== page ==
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9 Reasons to Invest the Billboard Tax Revenues into Meeting Council's Commitments to Art 

"Putting the billboard levy into the arts is a big win for Toronto. Council gets to follow through on something it has promised to do and Toronto gets a more vibrant, creative city with no additional cost to the city budget or taxpayer. I invite my colleagues from across the political spectrum to follow through and deliver on our commitments to invest in arts and culture." 
Councillor Gary Crawford | Chair, Mayor's Task Force for Arts and Theatres

1. Customer service |
70% of Toronto's citizens support the billboard levy for art across 3 independent polls. Only 18% of Torontonians are supportive of a billboard tax with the funds going into general revenue. (link) According to a  new 2012 Market-Pulse survey of 1086 Torontonians, 58% "would be more likely to vote for a city councillor who supports funding for the arts." Only 21% disagree. (link)

2. Follow-through on commitments | Over the past decade, Toronto City council has made three unfulfilled commitments to enhancing Toronto's vibrancy and competitiveness including the Creative Capital Gains Report (Passed by council May 2011) Strategies for Arts and Culture Funding (2010) and The Cultural Plan for a Creative City (2003.) The commitments included increasing funding to $25 by 2008, and then once this was not met, by 2013. (link)

3. Competitively invest in culture | A 2006 McKinsey and Co. study found that "for every 1 dollar of public arts funding in a regional economy, 8 dollars are generated." (link) Currently arts investment by Toronto ranks lowest by a wide margin among comparable Canadian Cities (Hill, 2012) and due to inflation, has eroded by over 5% in the past two years. (link)  According to a Market-Pulse poll from Dec. 2012, 67% of Torontonians agree that "on a per-person basis, the City of Toronto should invest as much funding in arts and culture as  other major Canadian cities" Only 15 % disagree. (link) The average among comparable Canadian cities is $35 per-capita. (link)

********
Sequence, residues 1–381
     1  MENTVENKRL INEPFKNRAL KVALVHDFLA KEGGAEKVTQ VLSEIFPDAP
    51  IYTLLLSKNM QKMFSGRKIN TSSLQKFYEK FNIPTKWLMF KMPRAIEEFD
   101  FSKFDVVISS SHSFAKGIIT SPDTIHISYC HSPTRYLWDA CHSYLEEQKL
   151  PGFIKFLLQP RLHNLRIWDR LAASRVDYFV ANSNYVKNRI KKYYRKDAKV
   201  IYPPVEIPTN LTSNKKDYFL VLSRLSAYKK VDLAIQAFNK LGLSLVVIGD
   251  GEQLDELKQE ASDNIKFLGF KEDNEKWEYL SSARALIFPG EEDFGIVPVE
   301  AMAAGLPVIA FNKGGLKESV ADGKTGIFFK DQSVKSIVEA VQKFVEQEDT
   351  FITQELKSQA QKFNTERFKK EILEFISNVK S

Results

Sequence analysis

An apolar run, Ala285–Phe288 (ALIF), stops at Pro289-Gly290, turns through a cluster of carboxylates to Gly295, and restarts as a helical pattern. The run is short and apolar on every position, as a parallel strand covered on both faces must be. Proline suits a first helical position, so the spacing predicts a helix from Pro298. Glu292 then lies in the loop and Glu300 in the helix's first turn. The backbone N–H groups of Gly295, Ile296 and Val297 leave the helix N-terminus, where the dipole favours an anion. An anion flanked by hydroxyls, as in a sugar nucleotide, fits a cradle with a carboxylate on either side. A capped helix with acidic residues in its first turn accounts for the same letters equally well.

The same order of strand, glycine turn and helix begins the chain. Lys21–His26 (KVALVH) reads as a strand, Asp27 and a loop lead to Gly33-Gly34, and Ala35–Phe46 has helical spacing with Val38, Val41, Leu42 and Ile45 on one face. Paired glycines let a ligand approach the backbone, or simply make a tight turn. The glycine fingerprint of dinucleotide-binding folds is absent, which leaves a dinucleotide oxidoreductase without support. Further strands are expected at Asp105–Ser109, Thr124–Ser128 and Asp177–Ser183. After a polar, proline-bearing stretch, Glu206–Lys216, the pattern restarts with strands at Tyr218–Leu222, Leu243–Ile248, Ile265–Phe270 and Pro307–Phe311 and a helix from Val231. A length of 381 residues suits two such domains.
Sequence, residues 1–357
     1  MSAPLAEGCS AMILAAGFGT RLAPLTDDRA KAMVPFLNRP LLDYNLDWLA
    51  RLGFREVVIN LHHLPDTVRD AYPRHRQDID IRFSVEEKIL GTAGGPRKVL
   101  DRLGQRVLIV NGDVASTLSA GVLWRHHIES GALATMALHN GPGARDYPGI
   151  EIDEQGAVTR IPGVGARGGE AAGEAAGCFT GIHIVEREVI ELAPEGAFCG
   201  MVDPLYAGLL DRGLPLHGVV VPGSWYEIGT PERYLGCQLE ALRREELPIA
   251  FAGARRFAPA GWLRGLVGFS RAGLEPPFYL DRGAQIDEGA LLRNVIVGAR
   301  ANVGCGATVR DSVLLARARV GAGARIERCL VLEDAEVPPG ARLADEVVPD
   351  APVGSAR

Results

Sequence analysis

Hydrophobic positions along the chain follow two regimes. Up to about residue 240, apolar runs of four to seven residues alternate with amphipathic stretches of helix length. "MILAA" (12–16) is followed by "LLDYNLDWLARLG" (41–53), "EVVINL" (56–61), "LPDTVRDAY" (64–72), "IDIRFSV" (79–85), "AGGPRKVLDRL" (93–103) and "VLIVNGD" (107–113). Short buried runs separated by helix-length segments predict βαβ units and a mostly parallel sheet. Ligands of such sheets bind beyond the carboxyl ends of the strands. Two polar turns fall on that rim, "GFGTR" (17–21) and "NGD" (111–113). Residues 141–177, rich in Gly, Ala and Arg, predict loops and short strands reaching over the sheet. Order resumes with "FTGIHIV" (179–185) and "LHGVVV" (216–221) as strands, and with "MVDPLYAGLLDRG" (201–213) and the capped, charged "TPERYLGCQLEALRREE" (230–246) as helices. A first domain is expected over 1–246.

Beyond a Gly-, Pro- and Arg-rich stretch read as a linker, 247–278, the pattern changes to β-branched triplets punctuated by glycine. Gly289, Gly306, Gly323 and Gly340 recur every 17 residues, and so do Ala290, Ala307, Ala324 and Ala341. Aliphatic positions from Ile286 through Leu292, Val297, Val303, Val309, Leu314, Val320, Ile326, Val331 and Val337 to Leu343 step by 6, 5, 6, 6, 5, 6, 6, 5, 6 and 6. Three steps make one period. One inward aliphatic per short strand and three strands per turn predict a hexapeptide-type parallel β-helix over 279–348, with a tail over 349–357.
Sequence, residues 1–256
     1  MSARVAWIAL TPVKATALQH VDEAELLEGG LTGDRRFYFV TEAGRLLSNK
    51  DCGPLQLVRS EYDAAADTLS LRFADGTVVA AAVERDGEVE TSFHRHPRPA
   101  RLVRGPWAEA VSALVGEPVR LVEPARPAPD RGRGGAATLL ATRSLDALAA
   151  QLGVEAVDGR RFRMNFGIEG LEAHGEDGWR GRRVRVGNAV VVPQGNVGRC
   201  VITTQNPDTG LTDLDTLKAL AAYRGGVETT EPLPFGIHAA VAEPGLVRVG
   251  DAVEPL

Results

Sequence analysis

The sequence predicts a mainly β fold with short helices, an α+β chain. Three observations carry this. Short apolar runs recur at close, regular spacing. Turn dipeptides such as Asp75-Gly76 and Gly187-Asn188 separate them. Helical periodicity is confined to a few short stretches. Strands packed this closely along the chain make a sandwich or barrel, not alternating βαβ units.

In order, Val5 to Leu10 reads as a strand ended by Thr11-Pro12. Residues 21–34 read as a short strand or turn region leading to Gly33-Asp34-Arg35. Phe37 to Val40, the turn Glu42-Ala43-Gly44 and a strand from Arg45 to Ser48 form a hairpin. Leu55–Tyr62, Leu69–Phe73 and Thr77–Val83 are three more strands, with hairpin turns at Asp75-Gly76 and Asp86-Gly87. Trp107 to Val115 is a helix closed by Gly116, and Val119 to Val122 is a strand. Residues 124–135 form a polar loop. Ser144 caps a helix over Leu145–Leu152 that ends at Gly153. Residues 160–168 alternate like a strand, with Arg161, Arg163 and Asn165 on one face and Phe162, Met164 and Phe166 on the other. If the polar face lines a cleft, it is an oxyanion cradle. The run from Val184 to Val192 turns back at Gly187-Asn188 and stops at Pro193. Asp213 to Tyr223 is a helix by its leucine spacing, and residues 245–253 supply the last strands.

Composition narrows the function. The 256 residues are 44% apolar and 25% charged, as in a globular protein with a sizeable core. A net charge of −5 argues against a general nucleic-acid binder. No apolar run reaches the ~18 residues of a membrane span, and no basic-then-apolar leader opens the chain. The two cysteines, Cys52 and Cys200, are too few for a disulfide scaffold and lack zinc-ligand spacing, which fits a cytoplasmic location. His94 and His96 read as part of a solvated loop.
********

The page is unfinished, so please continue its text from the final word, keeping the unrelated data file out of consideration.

4. Respect citizen engagement | Over a decade of mostly youth-led effort has been put into improving Toronto's shared spaces for citizens and businesses alike. The tax is broadly understood as going to the arts and city beautification as that is what was communicated publicly in Council's original direction, in eight plus public consultations, consultant reports, presentations to Council, press releases and statements and in most staff reports. (link)

5. Unique tax | The billboard tax is not like other disputed taxes. It was introduced independently under Mayor Lastman in 2001 (link) specifically for arts and culture, is supported by a strong majority and was frequently cited in staff reports as popular. 

6. Responsiveness | Over 60+ organizations endorse the idea from across Toronto and there are over 4700+ signatories from every Toronto ward.

7. Enhance diversity | An objective of and the original spirit of the the levy was to balance and expand access to creative expression in public spaces.